waiting for help," he told The Associated Press from his hospital bed.
Khan said local residents and tribal
police helped ferry the wounded to hospital.
No group immediately claimed
responsibility for Friday's attack, which targeted a Sunni mosque. Previous
such large-scale attacks have usually targeted Shiite mosques.
The country has witnessed several
large-scale militant attacks this year, claimed by an offshoot of the
Pakistani Taliban and the Islamic State group. Interior Minister Chaudhry
Nisar Ali Khan issued a statement, condemning the attack.
Pakistan's tribal regions, which border
Afghanistan, were considered to be strongholds of Pakistani Taliban
militants until 2014, when the military launched a major operation there,
evicting and killing large numbers of insurgents. However, violence has
continued in some of the tribal regions.
Friday's attack came hours after army
chief Gen. Raheel Sharif met with Prime Minister Nawaz Sharif to discuss
security issues. According to a government statement, Sharif pledged to
continue the war against terrorism.
The military says some 18,000 civilians
and 5,000 soldiers have been killed in militant attacks in Pakistan since
the September 11, 2001 attacks in the United States, when Islamabad threw
its support behind Washington in the war on terror.
Daredevil successfully powers rocket over Snake River Canyon
Stuntman Eddie Braun flies
the "Evel Spirit" rocket on Friday, Sept. 16, over the Snake River
Canyon at Twin Falls, Idaho.
(Pat Sutphin/The Times-News via AP)
Twin Falls, Idaho (AP) —
Professional stuntman Eddie Braun successfully jumped over the Snake
River Canyon Friday afternoon in an ode to his boyhood idol, Evel
Braun soared over the southern
Idaho canyon in a custom-built rocket dubbed "Evel Spirit."
It launched off a steep ramp on the
edge of the canyon rim just before 4 p.m. as hundreds of onlookers
The rocket reached an estimated 400
mph (644 kph) before its parachute deployed, allowing Braun and the ship
to land safely in fields on the other side of the 1,400 foot-wide (427
meters-wide) canyon. He didn't appear to grant any interviews
immediately following his flight; members of his team had earlier
announced that he would instead be available for interviews on Monday
morning in New York City.
Braun has said the rocket was
identical to the model Knievel used for his failed canyon attempt on
Sept. 8, 1974. Knievel landed at the bottom of the canyon when his
parachute prematurely deployed partway across the canyon, but walked
away with only minor injuries. The spot where Knievel jumped was 1,600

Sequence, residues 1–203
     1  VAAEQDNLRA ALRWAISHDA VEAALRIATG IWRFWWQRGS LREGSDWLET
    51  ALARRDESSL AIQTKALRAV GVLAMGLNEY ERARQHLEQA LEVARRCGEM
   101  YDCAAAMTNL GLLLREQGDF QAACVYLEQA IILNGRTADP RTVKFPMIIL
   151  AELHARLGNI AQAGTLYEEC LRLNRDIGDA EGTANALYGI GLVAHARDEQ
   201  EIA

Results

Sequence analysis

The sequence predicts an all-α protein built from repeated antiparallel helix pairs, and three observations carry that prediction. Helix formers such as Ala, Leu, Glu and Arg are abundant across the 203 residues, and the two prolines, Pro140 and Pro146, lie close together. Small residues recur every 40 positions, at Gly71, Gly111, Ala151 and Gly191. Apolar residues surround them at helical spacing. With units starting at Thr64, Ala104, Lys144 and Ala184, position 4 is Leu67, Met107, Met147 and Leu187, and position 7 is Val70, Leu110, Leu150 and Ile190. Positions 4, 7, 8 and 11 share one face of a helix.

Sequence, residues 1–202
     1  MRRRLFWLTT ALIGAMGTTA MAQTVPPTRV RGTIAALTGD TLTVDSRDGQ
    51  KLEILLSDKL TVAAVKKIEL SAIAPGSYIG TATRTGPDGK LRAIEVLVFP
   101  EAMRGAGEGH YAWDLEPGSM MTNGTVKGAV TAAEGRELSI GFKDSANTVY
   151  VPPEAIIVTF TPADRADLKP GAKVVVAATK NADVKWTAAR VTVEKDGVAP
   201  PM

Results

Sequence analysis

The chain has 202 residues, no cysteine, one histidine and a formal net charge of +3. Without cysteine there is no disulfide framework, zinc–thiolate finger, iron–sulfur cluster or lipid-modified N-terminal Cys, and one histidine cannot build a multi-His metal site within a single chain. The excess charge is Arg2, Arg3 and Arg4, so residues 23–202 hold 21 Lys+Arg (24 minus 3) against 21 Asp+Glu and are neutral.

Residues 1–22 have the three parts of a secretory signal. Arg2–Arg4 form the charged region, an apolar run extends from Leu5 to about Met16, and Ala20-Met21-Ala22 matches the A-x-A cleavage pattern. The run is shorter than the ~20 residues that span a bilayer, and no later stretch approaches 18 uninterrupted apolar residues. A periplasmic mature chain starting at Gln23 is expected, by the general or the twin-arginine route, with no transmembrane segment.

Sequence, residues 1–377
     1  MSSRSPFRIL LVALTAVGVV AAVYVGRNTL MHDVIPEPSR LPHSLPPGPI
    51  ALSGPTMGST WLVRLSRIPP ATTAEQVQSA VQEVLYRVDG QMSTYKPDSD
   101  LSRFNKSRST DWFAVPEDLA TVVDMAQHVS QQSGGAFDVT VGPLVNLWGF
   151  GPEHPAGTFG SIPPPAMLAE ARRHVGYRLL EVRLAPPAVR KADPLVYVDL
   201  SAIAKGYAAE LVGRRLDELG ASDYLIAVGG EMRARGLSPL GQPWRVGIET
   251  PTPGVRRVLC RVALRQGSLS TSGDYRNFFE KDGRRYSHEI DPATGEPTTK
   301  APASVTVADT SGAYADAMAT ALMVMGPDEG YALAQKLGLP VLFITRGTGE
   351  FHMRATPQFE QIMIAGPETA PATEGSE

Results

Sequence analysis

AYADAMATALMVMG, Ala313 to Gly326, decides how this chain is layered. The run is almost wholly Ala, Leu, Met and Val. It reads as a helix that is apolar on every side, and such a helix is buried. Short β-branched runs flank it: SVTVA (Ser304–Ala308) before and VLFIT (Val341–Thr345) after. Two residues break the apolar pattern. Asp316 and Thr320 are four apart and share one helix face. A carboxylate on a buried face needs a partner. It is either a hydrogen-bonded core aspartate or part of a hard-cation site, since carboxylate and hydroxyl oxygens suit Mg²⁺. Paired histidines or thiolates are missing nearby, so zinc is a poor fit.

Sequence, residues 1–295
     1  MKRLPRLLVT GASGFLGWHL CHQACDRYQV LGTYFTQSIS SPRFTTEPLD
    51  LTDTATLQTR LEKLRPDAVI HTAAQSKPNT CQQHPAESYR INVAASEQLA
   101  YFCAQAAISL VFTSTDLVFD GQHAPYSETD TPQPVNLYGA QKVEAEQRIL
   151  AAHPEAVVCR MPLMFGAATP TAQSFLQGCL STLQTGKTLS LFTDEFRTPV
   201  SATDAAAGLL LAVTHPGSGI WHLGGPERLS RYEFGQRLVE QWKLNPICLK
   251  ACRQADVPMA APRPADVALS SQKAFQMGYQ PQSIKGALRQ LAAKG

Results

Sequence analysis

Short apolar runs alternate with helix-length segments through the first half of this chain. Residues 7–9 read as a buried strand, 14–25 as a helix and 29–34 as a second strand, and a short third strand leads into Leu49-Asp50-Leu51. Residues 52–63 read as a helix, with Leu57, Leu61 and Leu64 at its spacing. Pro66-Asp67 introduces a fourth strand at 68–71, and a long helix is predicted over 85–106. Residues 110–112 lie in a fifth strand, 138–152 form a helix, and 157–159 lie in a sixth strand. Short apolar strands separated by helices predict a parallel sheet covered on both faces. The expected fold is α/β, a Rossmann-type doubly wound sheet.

feet (488 meters) wide.
Braun hoped his effort would prove
that Knievel could have made it across the canyon if his parachute had
deployed at the correct time.
Before the jump, the 54-year-old
Braun said he was optimistic he would make it across the canyon.
"I wouldn't be doing this if I
thought it couldn't be done," he said.
Still, he had prepared for the
worst in the days before the stunt, asking his young son to one day walk
his sisters down the aisle at their wedding if Braun died in his
Months of testing was performed on
the rocket designed by Scott Truax, whose father constructed the
original "X2 Skycycle" for Knievel.
Truax followed his father's
blueprints down to the last bolt and deviated only by updating the
Braun had trouble finding corporate
sponsors for the stunt, and said he spent about $1.5 million of his own
money on the jump.
He looked at the stunt as a way to
pay homage to Knievel, who inspired him to become a stuntman.
"I like to say I'm not doing
something that Evel Knievel couldn't do," he told the Idaho Statesman
before making the jump. "I'm simply finishing out his dream. How many
people get to finish the dream of their hero?"
Not all in the southern Idaho town
of Twin Falls have such fond memories of Knievel. Many residents
remember Knievel's promise of a weeklong festival complete with
celebrities and a golf tournament.
Knievel's attempt drew plenty of
spectators, and the resultant partying, fighting and mischief upset
locals. The daredevil was later accused of leaving town without paying
debts to area businesses.
But the mystique of Knievel's
failed stunt has lived on, with would-be daredevils showing up every
decade or so to propose similar jumps. Knievel's son Robbie visited Twin
Falls in the 1990s and in 2010 to float the idea of a possible jump,
though it never came to fruition.
Braun appears to have been the
first to actually try the stunt since Knievel's attempt.
15 people dead after typhoon that hit China, Taiwan
A man carries belongings away from a destroyed
home after Typhoon Meranti hit Xiamen in southeastern China's Fujian
province Friday, Sept. 16. (Chinatopix via AP)
Beijing (AP) — At least fifteen
people have been reported dead after a powerful typhoon lashed much of
southeastern China and Taiwan.
China's Ministry of Civil Affairs on
Saturday updated the number of deaths to thirteen as a result of Typhoon
Meranti, which struck Fujian province early Thursday. Nine people in China
are still missing.
Taiwanese authorities reported that two
people died in the storm.
According to Chinese officials, Meranti
forced the relocation of 33 million people and destroyed 1,600 homes. Images
shared by state news media showed power lines and destroyed vehicles downed
on streets in the coastal city of Xiamen. Taiwanese media reported that
parts of southern Taiwan remain flooded.
But even as the cleanup is underway
there, another typhoon, Malakas, is expected to hit Taiwan this weekend.
Today in History - Saturday, Sept. 17, 2016
Today is Saturday, Sept. 17, the 261st
day of 2016. There are 105 days left in the year.
Today's Highlight in History:
On Sept. 17, 1978, after meeting at
Camp David, Israeli Prime Minister Menachem Begin (men-AH'-kem BAY'-gihn)
and Egyptian President Anwar Sadat signed a framework for a peace treaty.
On this date:
In 1787, the Constitution of the United